Stories

Drilling to Doomsday

Drilling to Doomsday

For billions of years, it waited. A city-sized chunk of primordial space rock circled the solar system somewhere between the orbits of Mars and Jupiter. Earth took shape. Life evolved. And all the while, the space rock just drifted, tumbling end over end like a poorly thrown football. Then, some unknown celestial mechanics shoved...

Burn coal, feed the planet?

Burn coal, feed the planet?

State Senator Chester Crandell, R-Heber, says he doesn’t want the Environmental Protection Agency regulating carbon dioxide from Arizona’s coal-fired power plants because it could lead to global starvation. Crandell, who represents Flagstaff, made the comments during a hearing of SCR1022, at the Government and Environment committee meeting last week. The resolution’s stated purpose is to...

Secretive DEA ‘whisper’ stops get costly

Secretive DEA ‘whisper’ stops get costly

The U.S. Drug Enforcement Agency was monitoring a drug trafficking operation in Phoenix in 2005 when a GPS unit placed on an Acura sedan alerted them that the vehicle had left the Valley. Investigators knew it was on a drug run to Chicago. The feds asked the Arizona Highway Patrol to stop the car...

Mission Diminished: Flag USGS faces potential cuts

Mission Diminished: Flag USGS faces potential cuts

For almost 50 years, the U.S. Geological Survey Astrogeology Science Center in Flagstaff has played a critical role in NASA missions. The group’s scientists help NASA identify landing sites, design and program equipment, and then use mission data to publish groundbreaking new findings on everything from Mars to icy moons. It’s their job to...

Less than full orbit: The history of Flagstaff’s moon tree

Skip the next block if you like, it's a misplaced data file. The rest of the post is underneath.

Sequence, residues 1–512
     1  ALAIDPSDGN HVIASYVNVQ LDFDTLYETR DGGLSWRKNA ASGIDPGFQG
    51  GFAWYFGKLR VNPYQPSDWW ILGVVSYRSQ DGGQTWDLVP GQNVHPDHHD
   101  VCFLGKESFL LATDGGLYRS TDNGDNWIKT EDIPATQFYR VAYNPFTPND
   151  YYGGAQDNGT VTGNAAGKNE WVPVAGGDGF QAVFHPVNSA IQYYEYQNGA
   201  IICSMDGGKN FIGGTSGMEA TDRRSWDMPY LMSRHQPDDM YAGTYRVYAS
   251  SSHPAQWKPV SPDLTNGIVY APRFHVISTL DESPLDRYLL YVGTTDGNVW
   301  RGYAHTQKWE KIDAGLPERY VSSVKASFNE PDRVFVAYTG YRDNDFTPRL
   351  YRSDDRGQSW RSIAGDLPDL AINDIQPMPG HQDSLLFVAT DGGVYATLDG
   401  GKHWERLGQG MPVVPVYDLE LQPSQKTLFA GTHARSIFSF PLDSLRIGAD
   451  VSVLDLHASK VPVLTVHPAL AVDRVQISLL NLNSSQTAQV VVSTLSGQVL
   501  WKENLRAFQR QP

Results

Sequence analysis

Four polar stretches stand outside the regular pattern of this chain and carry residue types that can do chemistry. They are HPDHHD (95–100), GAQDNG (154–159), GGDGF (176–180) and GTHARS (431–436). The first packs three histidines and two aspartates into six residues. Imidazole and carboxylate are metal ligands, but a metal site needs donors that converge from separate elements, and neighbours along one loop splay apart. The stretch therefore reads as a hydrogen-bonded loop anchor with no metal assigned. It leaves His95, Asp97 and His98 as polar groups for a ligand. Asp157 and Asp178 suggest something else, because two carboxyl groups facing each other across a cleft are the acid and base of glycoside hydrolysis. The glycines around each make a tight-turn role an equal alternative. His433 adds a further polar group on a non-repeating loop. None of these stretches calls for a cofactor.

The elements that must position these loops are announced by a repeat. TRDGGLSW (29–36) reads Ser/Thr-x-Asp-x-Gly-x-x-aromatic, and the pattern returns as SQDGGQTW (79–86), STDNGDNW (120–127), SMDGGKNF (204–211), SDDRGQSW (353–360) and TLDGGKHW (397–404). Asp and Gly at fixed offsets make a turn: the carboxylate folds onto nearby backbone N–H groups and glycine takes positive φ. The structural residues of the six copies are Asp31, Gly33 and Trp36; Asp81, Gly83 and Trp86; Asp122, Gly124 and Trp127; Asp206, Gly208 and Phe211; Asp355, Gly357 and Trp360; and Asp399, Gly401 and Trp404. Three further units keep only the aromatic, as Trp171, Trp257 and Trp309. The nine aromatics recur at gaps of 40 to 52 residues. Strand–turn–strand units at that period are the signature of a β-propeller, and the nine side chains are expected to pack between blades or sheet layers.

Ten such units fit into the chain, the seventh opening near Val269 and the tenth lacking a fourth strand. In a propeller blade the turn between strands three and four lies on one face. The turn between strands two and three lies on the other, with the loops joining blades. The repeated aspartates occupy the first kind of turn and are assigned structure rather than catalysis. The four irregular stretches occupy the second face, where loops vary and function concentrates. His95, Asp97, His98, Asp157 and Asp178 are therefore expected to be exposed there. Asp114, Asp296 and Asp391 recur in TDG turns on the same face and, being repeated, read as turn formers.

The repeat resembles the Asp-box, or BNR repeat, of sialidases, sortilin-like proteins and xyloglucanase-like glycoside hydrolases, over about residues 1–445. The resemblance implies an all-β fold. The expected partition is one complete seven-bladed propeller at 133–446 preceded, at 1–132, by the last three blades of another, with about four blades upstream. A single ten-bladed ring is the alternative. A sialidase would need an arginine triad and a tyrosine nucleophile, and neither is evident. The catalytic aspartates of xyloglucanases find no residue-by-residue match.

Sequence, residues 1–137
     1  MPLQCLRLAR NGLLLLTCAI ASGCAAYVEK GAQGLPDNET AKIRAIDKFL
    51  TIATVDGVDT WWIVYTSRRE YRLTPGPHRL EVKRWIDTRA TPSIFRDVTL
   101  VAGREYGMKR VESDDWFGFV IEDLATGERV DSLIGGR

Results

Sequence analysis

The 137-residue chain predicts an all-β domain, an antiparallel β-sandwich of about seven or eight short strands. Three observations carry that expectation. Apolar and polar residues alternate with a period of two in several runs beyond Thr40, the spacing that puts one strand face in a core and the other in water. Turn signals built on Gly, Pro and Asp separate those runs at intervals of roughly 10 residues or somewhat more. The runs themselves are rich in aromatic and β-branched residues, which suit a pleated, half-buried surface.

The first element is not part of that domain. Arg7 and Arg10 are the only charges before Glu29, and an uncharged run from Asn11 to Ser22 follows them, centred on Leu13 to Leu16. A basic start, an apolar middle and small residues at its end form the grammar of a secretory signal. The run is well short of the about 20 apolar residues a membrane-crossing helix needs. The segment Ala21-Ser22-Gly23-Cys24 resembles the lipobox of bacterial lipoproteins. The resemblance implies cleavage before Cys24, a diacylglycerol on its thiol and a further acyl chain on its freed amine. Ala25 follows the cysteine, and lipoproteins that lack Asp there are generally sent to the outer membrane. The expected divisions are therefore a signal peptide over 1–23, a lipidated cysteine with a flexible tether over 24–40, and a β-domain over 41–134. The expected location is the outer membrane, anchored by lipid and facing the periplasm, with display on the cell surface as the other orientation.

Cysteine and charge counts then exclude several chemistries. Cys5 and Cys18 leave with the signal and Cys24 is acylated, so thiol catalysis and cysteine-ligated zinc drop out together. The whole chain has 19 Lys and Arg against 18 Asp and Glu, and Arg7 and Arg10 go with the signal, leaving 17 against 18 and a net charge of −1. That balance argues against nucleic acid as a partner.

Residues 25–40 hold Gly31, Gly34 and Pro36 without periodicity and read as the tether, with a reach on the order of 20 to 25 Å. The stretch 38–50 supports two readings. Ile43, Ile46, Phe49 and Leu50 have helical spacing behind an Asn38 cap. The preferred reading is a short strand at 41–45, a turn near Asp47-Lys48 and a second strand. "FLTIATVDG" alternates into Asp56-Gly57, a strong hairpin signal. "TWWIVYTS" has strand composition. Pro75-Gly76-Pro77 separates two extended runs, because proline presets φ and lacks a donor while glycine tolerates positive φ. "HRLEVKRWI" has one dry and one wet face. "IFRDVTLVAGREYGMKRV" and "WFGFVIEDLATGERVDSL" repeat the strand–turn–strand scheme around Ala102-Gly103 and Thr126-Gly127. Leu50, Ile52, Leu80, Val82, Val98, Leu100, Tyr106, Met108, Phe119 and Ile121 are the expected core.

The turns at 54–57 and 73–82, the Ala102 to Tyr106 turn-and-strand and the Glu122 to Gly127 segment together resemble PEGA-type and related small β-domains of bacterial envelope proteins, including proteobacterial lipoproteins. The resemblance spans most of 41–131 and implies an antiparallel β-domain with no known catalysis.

Less than full orbit: The history of Flagstaff’s moon tree

There’s a small Douglas fir just uphill from Frances Short Pond. Since 1976, it’s grown slowly alongside what was once Flagstaff Junior High School. And beneath it is a fading, wooden sign. The sign reads: “This seedling was grown from the very seeds that journeyed to the moon and back on board Apollo 14.”...

Astronomers fight back against electronic billboards

Jeff Hall, director of Lowell Observatory, is concerned about statewide loosening of regulations concerning electronic billboards. (Josh Biggs/Arizona Daily Sun)

Astronomy is big business in Arizona. And it also protects national security interests. That’s the case the state’s astronomy community is making against HB2757, which would lift the state ban on electronic billboards and let local jurisdictions take responsibility for them. The astronomy sector supports more than 3,000 jobs with a total capital investment...

Exploring SSC: The high water mark of American science

Exploring SSC: The high water mark of American science

In the 1980s,the Department of Energy started to design what would have been the biggest science experiment in the world, the Superconducting Super Collider. Waxahachie, Texas was all set to host a particle accelerator that would have dwarfed Switzerland’s Large Hadron Collider, today’s reigning champ. Construction began in 1991, then was abruptly canceled in 1993. Today...

Conference focuses on defending the planet

David Trilling holds a rock in his Northern Arizona University office as he talks about meteors and asteroids. Trilling is helping plan a conference to discuss how to plan for and avoid potential asteroid strikes. (Jake Bacon/Arizona Daily Sun)

A flash lit up the dawn sky above Chebarkul. Thousands of Russians flocked to their windows and watched the fireball. Without warning, an explosion rang out. The infrasound waves sent a shock through windows, dishware and electronics, spraying glass shrapnel and injuring more than 1,000 people. Incredibly, no one was killed. The meteor was...

The next Cape Canaveral

Credit: Courtesy of Spaceport America | Photo by Mark Greenberg

A runway in an otherwise vast, empty stretch of desert in southern New Mexico will soon become the starting point of weekly sightseeing trips to space for anyone who can afford the $200,000 ticket, and with NASA retiring the Space Shuttle, that might eventually include traditional astronauts as well. Read more at Phys.org 

No such thing as free parking

No such thing as free parking

Next time you’re searching for a parking space and someone grabs a spot from right in front of you, it might seem like the last space left on Earth, but ponder this: there are at least 500 million empty spaces in the United States at any given time. The 250 million cars and trucks...